The Detroit Lions have their 2012 first-round pick in the books.
Show of hands: Who had Riley Reiff?
Better question: Who had David DeCastro falling to No. 23 and the Lions taking Riley Reiff?
It's a good pick, and the Lions are lucky to have gotten the second-best offensive tackle in the draft without moving from No. 23. But this is only the start (and my detailed analysis/grades will be coming Sunday afternoon).
There are still six rounds to go and infinite possibilities after a wild, trade-laden first.
So with the Lions presumably securing Jeff Backus' long-term replacement (and maybe a short-term upgrade on the right side), what else do the Lions need to address over the rest of this weekend?
The Lions' greatest perceived need in this draft is the secondary. Whether it's their actual biggest need, I don't necessarily think so, but it's perceived that way.
But the first night of the draft is complete, and while the Lions made a good value pick, they still have some issues in the defensive backfield.
Now, I've said repeatedly that the cornerback need has been badly overblown because of the way the Lions finished last season. But that doesn't mean that I didn't want them to take a cornerback, just that they shouldn't have the blinders on to everything else.
With only three cornerbacks and two safeties off the board in the first round there is certainly plenty of talent left for the Lions to sift through, and I would be a little (not very) surprised to see the Lions not take a corner on Friday.
On a related note...
Look, I know I was hard on Janoris Jenkins this year. I devoted an entire article to talking about not drafting him.
So as much as this seems like I'm backtracking, that's okay. That's what articles posted between draft days are for. And really, the fact that nobody took Jenkins in the first round is important. He becomes an increasingly mitigated risk the further he falls.
It's still too risky for the Lions to risk whiffing on a second-round pick, but if Jenkins is still waiting around in the third (unlikely as that is), it's worth going all-or-nothing on a kid often projected to be the potential best cover corner in the draft.
Lavonte David is a kid I started liking late in the draft process. What he lacks in versatility he makes up for in being a really, really good weakside linebacker.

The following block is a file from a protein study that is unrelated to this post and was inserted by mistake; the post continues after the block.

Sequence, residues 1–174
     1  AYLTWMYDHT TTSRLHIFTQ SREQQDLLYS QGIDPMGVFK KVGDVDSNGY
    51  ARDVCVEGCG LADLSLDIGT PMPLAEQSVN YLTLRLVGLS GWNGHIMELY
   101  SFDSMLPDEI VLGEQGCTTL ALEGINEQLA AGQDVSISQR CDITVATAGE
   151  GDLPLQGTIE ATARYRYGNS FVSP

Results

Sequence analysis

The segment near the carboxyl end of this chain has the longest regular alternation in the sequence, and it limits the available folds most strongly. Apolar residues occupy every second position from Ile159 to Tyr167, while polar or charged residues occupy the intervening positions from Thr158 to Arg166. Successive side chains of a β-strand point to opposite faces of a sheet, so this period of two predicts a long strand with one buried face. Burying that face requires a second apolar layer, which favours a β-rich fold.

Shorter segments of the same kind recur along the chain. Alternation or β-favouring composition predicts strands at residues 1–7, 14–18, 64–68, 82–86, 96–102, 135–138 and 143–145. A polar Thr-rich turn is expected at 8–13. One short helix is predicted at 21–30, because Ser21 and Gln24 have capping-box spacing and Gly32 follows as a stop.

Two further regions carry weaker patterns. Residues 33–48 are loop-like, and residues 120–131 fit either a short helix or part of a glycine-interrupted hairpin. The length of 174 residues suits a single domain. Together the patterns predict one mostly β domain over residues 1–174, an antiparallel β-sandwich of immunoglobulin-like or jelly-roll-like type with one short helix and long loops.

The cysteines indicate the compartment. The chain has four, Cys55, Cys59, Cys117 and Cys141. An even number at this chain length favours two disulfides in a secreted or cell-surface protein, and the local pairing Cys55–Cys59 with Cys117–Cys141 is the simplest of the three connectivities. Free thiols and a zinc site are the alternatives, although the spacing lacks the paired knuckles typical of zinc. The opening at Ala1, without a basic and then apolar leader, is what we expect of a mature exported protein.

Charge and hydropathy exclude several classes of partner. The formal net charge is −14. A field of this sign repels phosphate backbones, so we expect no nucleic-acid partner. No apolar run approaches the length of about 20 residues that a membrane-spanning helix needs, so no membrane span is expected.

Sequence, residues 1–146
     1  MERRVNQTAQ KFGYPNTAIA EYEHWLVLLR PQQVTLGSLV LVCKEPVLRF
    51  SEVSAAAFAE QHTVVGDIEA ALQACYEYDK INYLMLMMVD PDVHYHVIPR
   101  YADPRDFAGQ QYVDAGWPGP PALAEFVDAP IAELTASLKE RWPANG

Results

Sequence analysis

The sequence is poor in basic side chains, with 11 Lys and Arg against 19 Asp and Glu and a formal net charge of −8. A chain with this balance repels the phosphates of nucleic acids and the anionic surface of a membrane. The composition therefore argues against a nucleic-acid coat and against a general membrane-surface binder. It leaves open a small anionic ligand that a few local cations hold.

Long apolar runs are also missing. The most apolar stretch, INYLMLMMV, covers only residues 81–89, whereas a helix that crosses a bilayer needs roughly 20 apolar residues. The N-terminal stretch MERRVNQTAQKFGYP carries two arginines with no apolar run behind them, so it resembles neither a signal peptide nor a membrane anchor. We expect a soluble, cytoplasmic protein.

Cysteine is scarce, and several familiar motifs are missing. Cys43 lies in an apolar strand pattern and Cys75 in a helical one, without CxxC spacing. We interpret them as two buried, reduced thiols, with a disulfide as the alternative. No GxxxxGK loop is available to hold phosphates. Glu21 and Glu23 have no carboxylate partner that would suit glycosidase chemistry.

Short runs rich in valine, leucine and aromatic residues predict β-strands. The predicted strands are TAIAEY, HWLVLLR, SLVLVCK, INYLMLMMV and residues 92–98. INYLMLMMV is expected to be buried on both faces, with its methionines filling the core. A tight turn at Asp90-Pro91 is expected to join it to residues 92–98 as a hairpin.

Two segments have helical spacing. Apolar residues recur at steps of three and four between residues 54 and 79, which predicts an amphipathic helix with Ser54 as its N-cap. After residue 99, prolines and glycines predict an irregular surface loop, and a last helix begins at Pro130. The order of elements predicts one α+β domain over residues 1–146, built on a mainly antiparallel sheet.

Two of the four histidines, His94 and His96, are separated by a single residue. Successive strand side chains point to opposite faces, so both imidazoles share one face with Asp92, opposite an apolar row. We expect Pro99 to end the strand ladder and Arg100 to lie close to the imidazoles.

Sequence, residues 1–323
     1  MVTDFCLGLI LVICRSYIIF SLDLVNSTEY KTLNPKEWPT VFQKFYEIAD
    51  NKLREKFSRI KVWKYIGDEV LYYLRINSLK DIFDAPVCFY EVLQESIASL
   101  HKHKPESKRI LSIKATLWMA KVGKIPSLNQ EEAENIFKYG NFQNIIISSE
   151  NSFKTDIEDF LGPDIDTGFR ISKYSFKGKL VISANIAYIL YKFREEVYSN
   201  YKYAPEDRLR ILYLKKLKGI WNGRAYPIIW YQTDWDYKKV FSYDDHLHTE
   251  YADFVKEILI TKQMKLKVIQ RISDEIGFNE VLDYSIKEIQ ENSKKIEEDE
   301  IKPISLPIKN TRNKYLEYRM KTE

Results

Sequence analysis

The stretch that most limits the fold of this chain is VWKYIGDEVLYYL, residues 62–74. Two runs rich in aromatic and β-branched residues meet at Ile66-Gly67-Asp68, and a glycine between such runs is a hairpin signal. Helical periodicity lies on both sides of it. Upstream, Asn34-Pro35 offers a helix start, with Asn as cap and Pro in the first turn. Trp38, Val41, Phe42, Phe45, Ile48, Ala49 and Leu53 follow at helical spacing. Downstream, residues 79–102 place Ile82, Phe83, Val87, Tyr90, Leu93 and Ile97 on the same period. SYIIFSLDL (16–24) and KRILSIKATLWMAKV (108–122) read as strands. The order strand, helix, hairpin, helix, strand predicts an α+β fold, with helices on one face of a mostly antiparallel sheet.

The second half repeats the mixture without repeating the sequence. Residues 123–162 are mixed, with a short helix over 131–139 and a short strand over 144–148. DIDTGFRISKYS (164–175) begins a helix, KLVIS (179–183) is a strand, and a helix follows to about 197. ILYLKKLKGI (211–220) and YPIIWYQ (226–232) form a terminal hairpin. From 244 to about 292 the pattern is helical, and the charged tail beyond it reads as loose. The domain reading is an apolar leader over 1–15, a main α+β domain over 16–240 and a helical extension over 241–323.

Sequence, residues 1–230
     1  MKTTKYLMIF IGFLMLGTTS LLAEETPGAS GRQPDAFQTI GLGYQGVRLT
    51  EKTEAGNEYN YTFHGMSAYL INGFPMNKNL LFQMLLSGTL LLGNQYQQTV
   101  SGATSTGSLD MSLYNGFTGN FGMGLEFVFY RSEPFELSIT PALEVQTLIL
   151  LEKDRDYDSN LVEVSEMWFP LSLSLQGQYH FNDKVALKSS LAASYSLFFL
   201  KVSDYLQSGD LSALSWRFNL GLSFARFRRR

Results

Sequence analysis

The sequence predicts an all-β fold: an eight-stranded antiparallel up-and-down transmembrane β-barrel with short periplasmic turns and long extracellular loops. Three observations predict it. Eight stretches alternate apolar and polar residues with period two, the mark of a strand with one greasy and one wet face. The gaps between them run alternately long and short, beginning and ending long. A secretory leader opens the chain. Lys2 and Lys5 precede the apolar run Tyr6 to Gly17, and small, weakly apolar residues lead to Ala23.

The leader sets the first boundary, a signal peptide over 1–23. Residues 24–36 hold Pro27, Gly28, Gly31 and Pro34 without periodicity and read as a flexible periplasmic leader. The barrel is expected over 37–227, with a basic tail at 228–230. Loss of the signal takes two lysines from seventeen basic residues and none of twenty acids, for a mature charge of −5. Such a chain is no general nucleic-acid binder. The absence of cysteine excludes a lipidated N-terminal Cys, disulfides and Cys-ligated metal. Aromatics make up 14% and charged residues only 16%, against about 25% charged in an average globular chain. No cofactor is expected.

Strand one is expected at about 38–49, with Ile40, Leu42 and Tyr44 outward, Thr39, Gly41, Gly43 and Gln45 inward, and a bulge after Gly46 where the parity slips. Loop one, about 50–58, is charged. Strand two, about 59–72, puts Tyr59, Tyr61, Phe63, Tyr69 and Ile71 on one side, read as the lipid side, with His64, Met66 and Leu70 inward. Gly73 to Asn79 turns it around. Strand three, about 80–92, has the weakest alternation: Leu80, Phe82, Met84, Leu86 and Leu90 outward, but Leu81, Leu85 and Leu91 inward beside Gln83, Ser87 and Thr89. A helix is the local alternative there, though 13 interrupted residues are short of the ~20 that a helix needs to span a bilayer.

In Detroit's defense, David would be a machine. As long as he's in the position he's suited for, he can do it all; run support, pass coverage, run, hit, blitz, whatever. David can do it and do it well.
Of course, David is also graded around the top of the second round, so the Lions would have a difficult time getting to him without trading, but trading might not be that bad an idea.
Then again, the Lions landed a great value in the first round by standing pat at No. 23, so maybe they can just sit back and wait for David (or another impact player) to fall to them again. But if David starts getting close, the Lions ought to keep an ear to the ground just in case.
The Lions may have taken the best offensive lineman on the board in the first round in Reiff, but that doesn't mean it's a perfect unit just yet.
It's worth noting that two of the players often mocked to the Lions in the first round—Georgia's Cordy Glenn and Stanford's Jonathan Martin—remain on the board as we prepare for the second round. It is unlikely that the Lions get either of those guys, but by the same token, it was unlikely for them to get Reiff in the first round.
More likely is that the existence of those guys at the top of the second round pushes guys like Kelechi Osemele and Amini Silatolu further down towards the Lions.
That said, even more likely than the Lions going back-to-back at the top of the draft with offensive linemen is that the Lions take a developmental guard/center prospect on Day 3. Either way, don't expect that the Lions drop out of the OL market just because they drafted a quality player like Reiff.
These guys are shrewd. They know what they're doing, and they can play around with draft picks along with the best of them.
I wouldn't mind seeing some of this in the next couple of days. I was hoping for the Lions to trade back in the first with an abundance of potentially great picks still sitting in front of them.
Alas, they took a great player at No. 23 who would certainly not have been on the board for much longer and who fills a very difficult need to fill as a future left tackle.
But the Lions work magic with late-round picks and trades and the more opportunities they have, the better. If the Lions are faced with another situation (like in Round 1) where they have four great picks and room to move, they ought to give it a whirl, even if they're trading for picks in the 2013 draft.
Best. Player. Available.
Reiff was it this year and while there are (arguable) deviations from it here and there, sticking to this simple rule has helped Martin Mayhew completely resurrect a sunken franchise in three short years.
Sure, the Lions got lucky by having a whole bunch of "best players available" fall to them at No. 23 which also happened to match up with glaring needs. So in that sense, maybe Reiff doesn't really count.
But let there be no doubt this is what Mayhew needs to continue with in the rest of this draft, and all of his drafts. He didn't reach for a corner in the first round because there were better players. He shouldn't do it in the second or third, either.
Sure, the Lions have to make sure they're drafting players they can use, rather than just blindly taking whichever unclaimed talent falls to them. But there is no reason at all for them to change a draft strategy that has reversed the direction of the franchise in less than half the time it took to drive it into the ground.